Cross Checking: What it is and why your kids need it

Learning to read can be such a difficult task.  There are so many skills that are necessary, for a child to go from a non-reader to a reader.  Many children are fortunate enough to be read to at a young age.  These children are given the opportunity to experience books and enjoy them as a story.  Through this simple act, children learn that books tell a story and there are beautiful pictures to match.  Eventually, those same children will begin to pick up books on their own.  They will tell their own story according to the pictures that they see.  They are doing exactly what we, as adults, have modeled for them.  But they are still non-readers….

So how does a child go from reading the pictures of a story, to reading the words?  There are so many skills involved in this process that we could discuss it all day long.  Children need letter recognition, letter sounds, decoding, rhyming, phonemic awareness, concept of word, and the list goes on and on.   

Today, though, I am going to discuss one skill that many people often forget about.  It is one of those skills that seems to come naturally for some children and is very difficult for others.  It is one that we, as teachers, often forget to explicitly teach.  It is cross checking.

In my classroom, I use the Beanie Baby Decoding strategies to help many of my students remember these strategies they need for reading.  The first two strategies that I always teach to my non-readers are Lips the Fish and Eagle Eye.  These are the very basic beginnings of reading.  Lips the Fish reminds my students to get our lips ready to say the first sound in the word.  It gives them a starting point when reading the word.  Eagle Eye reminds students to look at the pictures to help them with unknown words.  I teach each of these skills explicitly and separate in my classroom.  Then, I go back and teach them together.  THAT is cross checking.

Cross checking is the ability of a student to use BOTH the picture on the page (or the meaning in the story for higher level readers) and the letters that create the word to determine the unknown word.  This means that child has to use both meaning AND visual cues while reading.  Most students have no problem doing one or the other, but combining them is a difficult task.

To teach this skill, I give my students several prompt cards that I designed specifically for teaching this strategy.  Each set has identical pictures, but with two different words that could describe that picture.  Often times, students will look at the picture and choose an obvious word for it without realizing that it could be something entirely different.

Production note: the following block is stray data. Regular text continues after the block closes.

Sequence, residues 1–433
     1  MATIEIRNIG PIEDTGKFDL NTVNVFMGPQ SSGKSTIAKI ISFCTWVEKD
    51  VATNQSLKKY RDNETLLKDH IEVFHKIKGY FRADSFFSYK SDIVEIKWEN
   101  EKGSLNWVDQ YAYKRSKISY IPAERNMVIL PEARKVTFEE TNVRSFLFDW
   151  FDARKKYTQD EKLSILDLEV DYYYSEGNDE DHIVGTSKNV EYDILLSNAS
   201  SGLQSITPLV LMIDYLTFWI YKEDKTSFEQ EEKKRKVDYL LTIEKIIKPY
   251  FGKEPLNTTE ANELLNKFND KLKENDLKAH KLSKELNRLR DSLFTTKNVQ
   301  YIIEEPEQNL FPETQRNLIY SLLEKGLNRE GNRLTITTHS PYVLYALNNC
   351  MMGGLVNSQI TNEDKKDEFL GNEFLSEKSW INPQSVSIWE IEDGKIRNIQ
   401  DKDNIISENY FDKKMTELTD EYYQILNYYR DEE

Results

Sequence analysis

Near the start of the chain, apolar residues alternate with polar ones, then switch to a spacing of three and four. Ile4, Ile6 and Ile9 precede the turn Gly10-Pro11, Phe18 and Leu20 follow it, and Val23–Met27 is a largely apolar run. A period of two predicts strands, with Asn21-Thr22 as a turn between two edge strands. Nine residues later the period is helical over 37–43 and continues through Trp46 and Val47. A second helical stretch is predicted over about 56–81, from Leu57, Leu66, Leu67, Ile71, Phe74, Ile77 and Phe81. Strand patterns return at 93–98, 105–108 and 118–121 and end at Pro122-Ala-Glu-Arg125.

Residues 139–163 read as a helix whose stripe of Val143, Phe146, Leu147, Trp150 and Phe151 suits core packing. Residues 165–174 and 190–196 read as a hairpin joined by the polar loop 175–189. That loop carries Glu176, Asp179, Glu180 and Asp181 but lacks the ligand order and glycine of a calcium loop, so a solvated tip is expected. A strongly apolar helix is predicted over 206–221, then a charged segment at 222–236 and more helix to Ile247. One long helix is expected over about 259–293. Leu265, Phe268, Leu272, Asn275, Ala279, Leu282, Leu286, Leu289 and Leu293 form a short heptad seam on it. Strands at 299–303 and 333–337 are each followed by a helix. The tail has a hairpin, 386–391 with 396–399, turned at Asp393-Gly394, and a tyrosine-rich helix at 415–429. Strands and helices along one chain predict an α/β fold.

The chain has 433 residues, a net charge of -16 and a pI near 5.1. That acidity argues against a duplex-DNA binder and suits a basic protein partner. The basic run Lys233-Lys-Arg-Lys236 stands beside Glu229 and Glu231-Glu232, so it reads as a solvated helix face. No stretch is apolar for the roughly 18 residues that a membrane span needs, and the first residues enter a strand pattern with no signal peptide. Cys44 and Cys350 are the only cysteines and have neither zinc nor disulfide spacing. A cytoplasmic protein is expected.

For example, this card has a fairly obvious word in it.  Students will look at this card and know that it is a picture of a horse and they will read “This is a horse.”

However, some stories may not use the word “horse.”  Some may use the word “pony.”  Students without the ability to cross check will look at this second card and read “This is a horse.”  They may not even notice that the word begins with the letter P rather than an H.

You will notice that I added our symbol for Lips the Fish and Eagle Eye to remind students that they need to use both strategies to determine what the sentence says!  

Here is another example:

 There are so many instances in stories in which this is such a necessary skill.  After I have taught this skill using these cards, it is time to try it in a book.  I then purposely choose a story or two in which they will have to use this skill to read the book accurately.  In a book, the picture cues are no longer there, so they may need to be reminded when they come across it the first couple of times.

As students become stronger readers, the pictures in the stories become fewer and fewer.  They also become more vague.  Students will no longer be able to use picture cues as often.  Instead, they will have to cross check by using meaning.  They will have to decide what word would not only match those letters, but would also make sense in the story.

If you would like a copy of the example cards that I have made, click here and check them out!


  1. I love the idea of Lips the Fish - there are a few children in my class who need reminding of this from time to time so I think I'll introduce it to them (And the Eagle Eye). Thanks for sharing!
    Growing Little Learners

  2. I love the use of cute Beanie Babies to engage learners. Some great points in this post, as most of us learnt to read ages ago, it is now intuitive and it can be very difficult to remember what our first steps were. Thanks for the lesson!